In the case of personal life experiences, Mark is an individual that was raised in rough conditions, living in poverty, the youngest of 5 in his family, and the victim of abuse from his siblings and his parents. Not being about to cope with all this, Mark found an escape that alleviates his stress, in the form of torturing stray animals from the neighborhood. As a person, at some point Mark faced the challenge of discontinuing his acts of cruelty, but could not see any other alternatives on the releasing his frustrations. He is aware of this unethical acts on the animals but feels he could do nothing to control his actions. In this hypothetical situation, several years later I happen to move in next to Mark and get to know him. He seemed just to be like any other average person and soon to be a friend, occasionally meeting up for a game of golf. Imagining by that time I have just gotten my feet wet in my career as a criminal analyst, and Mark after all the years has moved on from harming stray animals to targeting homeless individuals. A well experienced colleague that was giving me guidance came up to me one day after making a discovery in the case he was assigned with and decided to involve me in, just happen to be on the suspect living next door to me. The documents of the case included a sketch and basic profile of the suspect, but I had a strong feeling that it was my neighbor Mark. Being confronted with all of these facts all of the sudden, I would imagine myself to be in total shock and having mixed emotions between my professional obligations and as a friend to Mark. The primary focus on this problem is Mark and the actions of his cruelty as a result of his unstable mind that was affected by the stress he encountered at such a young age. From the perspective of other individuals, the problem was plain and simple, who was held responsible for this case I was now a part of. As the targets of Mark are homeless individuals, that are known to have less meaning in society, there might be a case where Mark’s actions would not be discovered. There was the obvious choice of informing my colleague of the whereabouts of their targeted suspect, or my other option would be to offer Mark some help to overcome this problem he has been facing all of these years. The first option would risk the friendship I have built and a helping a person that could benefit from getting help with the right type of health professionals, that would guide him in the right direction and help him cope with his negative feelings. The second option goes with the risk of termination or probationary from the profession that I have spent a great deal of time and hard work achieving the position I hold with a reputable establishment. I presume in dealing with an individual like Mark, a psychological consultation should be required in this situation, which could be difficult if refused by Mark. If I were to entertain the idea of option two and unable to provide the guidance and help that I hoped that I could on getting Mark on the right track, there is always the possibility that it could blow up in my face. There would be the possibility of Mark making a turn for the worse and this resulting in severe consequences for the both of us. Another downfall of choosing option two would be an unsafe and unethical decision, by going against my company, my colleague, and the legal system. This in turn would result in a more complex and challenging situation for both our futures. At the point of my decision making for this case and my situation, I would apply the knowledge that I have that I have obtained from the program and training to a critically analyze Mark’s behavior and mental process. Then evaluation Mark’s personality by the knowledge I have gained. I like the quote in our text, “Certainly the content of psychology is necessary, but if you can learn, practice, utilize, and apply the methods of psychology, the journey ahead has endless possibilities (Landrum, 2012, pg 18). With that said, I want my options to be endless in the field of psychology. I would also try to communicate with Mark in accordance with the case study and practice that I have conducted throughout course work. The ability to read and think analytical and originative a situation; an acquired skill from studying through Ashford University has positively affected the determination that I have made in this case. I was also able to capture information from other fields of study to make informed decisions, through my education at Ashford University. I would choose option one and allow my senior colleague to get a deeper confirmation on his case and assist him in all the ways that I could on any additional information that I have about Mark. The further testing and background investigation would prove to be sufficient evidence that encourages my decision making. The collected evidence would also be used to develop psychological treatments specific for the case of Mark.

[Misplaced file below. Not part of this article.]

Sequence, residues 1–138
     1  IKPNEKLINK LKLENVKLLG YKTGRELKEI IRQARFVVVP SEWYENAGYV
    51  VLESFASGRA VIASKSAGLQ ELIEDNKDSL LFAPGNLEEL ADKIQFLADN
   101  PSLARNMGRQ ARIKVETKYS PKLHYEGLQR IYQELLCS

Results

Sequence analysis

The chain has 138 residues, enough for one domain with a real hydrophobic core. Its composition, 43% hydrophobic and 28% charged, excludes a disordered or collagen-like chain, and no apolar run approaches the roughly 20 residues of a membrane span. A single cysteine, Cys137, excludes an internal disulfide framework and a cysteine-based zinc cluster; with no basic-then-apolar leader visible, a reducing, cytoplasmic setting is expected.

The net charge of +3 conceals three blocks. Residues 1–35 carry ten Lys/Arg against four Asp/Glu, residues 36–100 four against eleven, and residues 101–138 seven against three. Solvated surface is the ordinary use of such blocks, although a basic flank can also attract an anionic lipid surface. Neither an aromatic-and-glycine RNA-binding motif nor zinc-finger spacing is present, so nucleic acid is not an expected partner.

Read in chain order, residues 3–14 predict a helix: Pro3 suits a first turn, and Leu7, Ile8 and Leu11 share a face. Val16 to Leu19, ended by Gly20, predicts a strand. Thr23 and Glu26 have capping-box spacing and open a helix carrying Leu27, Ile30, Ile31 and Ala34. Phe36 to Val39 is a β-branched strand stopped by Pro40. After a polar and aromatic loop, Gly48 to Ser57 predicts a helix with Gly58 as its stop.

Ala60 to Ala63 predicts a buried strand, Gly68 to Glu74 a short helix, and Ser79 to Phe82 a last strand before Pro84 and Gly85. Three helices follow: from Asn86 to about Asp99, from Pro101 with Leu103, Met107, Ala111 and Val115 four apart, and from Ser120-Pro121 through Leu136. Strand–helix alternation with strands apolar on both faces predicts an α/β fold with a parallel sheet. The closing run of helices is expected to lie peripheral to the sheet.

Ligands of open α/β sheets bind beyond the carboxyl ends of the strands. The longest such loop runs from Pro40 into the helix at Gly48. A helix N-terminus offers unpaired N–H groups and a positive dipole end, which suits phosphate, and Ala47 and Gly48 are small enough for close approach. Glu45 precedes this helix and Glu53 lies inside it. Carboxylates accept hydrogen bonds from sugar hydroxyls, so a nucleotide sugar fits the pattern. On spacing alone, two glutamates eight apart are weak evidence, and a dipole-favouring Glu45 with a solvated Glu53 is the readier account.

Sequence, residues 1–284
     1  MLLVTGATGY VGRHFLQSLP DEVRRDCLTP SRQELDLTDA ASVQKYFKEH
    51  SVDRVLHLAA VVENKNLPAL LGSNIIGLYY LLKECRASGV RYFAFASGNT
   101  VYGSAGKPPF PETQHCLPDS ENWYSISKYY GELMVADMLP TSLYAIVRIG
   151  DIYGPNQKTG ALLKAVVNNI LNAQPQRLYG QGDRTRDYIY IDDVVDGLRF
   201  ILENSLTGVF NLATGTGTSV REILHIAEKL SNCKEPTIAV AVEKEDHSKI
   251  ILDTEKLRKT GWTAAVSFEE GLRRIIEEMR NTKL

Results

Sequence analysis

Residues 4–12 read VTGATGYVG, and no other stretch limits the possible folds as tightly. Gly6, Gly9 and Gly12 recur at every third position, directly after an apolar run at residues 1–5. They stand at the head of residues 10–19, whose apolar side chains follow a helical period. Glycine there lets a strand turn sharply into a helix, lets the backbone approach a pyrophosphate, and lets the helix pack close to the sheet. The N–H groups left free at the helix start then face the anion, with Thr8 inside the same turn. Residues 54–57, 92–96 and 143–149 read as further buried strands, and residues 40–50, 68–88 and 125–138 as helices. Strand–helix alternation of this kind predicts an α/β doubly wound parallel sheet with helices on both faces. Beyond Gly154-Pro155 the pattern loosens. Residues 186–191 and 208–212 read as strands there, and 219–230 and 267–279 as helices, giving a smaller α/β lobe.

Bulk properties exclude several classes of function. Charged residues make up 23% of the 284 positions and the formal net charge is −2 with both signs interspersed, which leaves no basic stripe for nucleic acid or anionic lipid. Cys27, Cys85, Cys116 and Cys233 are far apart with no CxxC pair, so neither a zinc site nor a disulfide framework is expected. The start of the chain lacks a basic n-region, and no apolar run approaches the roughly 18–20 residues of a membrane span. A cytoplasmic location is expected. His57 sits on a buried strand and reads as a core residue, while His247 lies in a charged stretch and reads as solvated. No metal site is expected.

Pertinent websites

www.abfp.com (American Board of Forensic Psychology)

The American Board of Forensic Psychology (ABFP) is the board that is responsible for instituting the criteria that is related to the definition and requirements for training, education, competencies and examination which then leads to Board Certification in Forensic Psychology. This website is very educative because of the top brains in forensic psychology in the USA.